|17th November 2009 04:50 PM|
Roger thank you for you precise and wonderful extensive explanation as well as Farlo davide and SteveC ....you all have contributed to solve my problem. I have ended up preparing the board as suggested by Roger but using the 3M AM putty instead . The usage of a spatula has been just marvellous to do the needed. Now my board is really ok and turned out to be affected by chickenpox (that s normal. "she" is 3 years old.... ) , no more cellulite. I have spent may be 3 hours of extensive work and cured 28 "spots" In due time I ll bring it to a shop to have it painted professionally.....I have no space or ability to spray it risking to ruin all the good job done....well boys...what can I say...if all problems of life could be solved like that ...wow. chapeau to all of you again
|17th November 2009 04:48 AM|
|steveC||Davide is right on target suggesting the use of 3M Acrylic Marine Putty - White, Part No. 051144-05962. Basically it's a fairing compound that dries quickly, and it sands very easily so that it blends effortlessly with those areas surrounding the damaged area. I use it to fill the weave of the fiberglass after laminations, and it's very effective at filling any pinholes that often result from the laminating process.|
|16th November 2009 10:37 PM|
|davide||3M Acrylic Marine putty has the advantage of being a single component compound (no mixing) and it is white. http://www.westmarine.com/1/1/10217-...-products.html|
|16th November 2009 07:23 PM|
|Farlo||Fully agree with Roger. Car paste (mastic) works fine for small dents, even on polyethylene boards. No need to open anything. However depending on the location of the dammaged area you may find it hard to restore the original shape. Nothing to do with performance, only aesthetics. If you plan to resell this board one day or you just get mad about it, having it repaired by your shop may be safer. Cellulite is not very appealling even on second hand boards.|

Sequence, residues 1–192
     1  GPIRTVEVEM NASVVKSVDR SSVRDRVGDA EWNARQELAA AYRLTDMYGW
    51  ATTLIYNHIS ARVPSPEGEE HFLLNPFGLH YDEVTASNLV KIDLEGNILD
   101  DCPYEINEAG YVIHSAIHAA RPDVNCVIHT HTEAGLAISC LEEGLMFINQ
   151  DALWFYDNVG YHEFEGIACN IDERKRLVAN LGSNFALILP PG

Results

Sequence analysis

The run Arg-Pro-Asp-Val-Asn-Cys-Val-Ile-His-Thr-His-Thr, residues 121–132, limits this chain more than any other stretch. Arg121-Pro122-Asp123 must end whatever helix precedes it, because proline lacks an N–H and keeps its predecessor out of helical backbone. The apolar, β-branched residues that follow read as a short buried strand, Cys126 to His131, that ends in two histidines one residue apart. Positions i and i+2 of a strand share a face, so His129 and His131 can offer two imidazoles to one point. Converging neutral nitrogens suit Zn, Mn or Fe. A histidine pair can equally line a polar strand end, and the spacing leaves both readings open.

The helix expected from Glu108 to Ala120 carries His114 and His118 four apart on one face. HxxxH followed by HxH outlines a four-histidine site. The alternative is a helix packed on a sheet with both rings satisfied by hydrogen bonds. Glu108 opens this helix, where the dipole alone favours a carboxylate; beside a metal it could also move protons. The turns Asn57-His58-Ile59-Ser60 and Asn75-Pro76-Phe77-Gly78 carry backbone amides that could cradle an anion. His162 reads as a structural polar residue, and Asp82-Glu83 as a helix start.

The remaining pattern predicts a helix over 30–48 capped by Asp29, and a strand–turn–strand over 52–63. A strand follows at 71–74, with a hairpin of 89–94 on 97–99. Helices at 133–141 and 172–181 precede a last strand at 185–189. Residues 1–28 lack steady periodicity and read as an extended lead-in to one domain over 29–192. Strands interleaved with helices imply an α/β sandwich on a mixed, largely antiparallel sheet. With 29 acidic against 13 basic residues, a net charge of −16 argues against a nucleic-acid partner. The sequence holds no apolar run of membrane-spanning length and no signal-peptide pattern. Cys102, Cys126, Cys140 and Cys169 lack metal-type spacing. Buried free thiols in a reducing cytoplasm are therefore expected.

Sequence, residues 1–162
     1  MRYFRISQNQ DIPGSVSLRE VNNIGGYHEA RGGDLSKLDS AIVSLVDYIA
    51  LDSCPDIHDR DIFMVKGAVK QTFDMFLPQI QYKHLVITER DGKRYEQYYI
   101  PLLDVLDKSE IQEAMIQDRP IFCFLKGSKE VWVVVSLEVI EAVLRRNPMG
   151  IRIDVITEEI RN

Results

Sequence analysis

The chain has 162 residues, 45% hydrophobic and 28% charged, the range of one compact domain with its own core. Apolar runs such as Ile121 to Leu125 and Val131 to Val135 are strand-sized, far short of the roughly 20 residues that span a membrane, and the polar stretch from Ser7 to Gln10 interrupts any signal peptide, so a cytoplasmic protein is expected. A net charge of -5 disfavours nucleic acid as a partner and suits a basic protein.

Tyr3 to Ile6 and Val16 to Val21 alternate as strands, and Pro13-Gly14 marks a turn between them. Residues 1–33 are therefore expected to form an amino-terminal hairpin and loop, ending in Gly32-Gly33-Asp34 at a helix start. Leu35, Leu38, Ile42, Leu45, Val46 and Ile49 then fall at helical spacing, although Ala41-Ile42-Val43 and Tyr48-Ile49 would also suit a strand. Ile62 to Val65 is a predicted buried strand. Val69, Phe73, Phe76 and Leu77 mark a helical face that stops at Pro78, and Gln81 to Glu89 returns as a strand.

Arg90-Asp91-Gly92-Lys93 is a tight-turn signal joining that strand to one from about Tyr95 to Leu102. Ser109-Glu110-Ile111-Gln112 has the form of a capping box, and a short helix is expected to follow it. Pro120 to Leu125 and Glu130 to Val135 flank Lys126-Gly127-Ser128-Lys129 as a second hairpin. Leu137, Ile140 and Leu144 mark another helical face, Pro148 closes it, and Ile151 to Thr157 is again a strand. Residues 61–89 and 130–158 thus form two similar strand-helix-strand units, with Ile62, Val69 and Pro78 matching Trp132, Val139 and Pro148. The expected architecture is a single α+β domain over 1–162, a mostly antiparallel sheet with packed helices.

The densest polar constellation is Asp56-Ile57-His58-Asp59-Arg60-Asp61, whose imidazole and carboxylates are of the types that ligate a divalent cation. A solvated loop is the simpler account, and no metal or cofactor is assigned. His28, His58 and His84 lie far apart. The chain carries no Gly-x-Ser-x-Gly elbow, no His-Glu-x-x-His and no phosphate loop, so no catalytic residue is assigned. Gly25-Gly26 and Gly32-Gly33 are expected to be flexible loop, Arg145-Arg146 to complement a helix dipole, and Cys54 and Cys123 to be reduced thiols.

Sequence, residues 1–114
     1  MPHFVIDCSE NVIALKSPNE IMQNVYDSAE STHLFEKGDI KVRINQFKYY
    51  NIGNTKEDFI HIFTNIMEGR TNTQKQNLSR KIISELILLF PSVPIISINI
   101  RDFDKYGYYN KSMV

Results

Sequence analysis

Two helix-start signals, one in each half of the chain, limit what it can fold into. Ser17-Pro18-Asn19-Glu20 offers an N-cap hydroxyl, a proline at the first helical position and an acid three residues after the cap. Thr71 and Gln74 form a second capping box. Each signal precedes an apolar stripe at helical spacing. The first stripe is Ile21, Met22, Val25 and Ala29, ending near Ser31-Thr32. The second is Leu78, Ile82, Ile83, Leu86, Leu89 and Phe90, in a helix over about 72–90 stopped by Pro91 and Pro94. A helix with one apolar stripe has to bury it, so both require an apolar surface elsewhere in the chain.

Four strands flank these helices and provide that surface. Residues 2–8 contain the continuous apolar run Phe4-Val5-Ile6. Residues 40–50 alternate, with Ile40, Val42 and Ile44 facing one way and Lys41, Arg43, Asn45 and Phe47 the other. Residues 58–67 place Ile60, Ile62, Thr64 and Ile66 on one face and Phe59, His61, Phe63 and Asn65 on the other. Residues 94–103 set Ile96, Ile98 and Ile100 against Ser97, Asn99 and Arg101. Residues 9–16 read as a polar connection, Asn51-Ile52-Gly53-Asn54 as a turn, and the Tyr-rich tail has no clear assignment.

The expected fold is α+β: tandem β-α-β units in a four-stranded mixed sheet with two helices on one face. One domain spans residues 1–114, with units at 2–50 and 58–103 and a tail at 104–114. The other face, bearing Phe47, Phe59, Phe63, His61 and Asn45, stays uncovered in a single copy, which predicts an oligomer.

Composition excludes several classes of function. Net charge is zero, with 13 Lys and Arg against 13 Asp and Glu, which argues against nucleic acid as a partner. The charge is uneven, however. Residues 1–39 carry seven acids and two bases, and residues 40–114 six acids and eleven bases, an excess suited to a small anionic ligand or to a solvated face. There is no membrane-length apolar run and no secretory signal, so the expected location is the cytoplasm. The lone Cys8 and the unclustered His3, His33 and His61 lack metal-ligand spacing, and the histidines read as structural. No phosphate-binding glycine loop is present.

|16th November 2009 03:16 AM|
1/ The part of your board that actually contacts the water when you are planing, is all at the rear and back behind the mast foot.
If you had the fin in the board when it was damaged, the fin would have prevented all of the "performance critical" planing surfaces from beign damaged.
Everything forward of the mast foot is out of the water and probably makes no difference at all.
2/ You can easily repair the dents and dings (without opening anything up).
Take a bit of 240 grit abrasive cloth, and rough up the bottom of each dent.
Then wipe the dents out with a cloth or paper towel moistened with acetone to clean the interior of the dent of any wax or mold release compound (this should not be an issue on a Starboard because most boards are spray painted.
Then get a kit of Marine Tex or JB Weld Quick (I like the Marine Tex better as it's "filled" and easier to sand/blend back to the surrounding surfaces) and a "plastic spreader/spatula".
Mix up some of the filler according to the package directions and work a small amount into each of your dents. Trowel it flat with the surrounding surface as carefully as you can.